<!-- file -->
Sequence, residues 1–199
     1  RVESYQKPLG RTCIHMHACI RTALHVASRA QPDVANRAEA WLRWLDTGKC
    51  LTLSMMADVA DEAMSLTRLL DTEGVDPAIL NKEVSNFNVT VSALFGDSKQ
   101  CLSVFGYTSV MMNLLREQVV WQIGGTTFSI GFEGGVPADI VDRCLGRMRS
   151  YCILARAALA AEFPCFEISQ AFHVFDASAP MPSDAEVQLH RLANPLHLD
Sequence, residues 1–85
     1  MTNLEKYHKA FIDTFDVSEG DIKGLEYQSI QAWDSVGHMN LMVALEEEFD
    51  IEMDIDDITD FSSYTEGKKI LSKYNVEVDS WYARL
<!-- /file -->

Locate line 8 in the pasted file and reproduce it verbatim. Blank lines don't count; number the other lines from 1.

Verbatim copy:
    51  IEMDIDDITD FSSYTEGKKI LSKYNVEVDS WYARL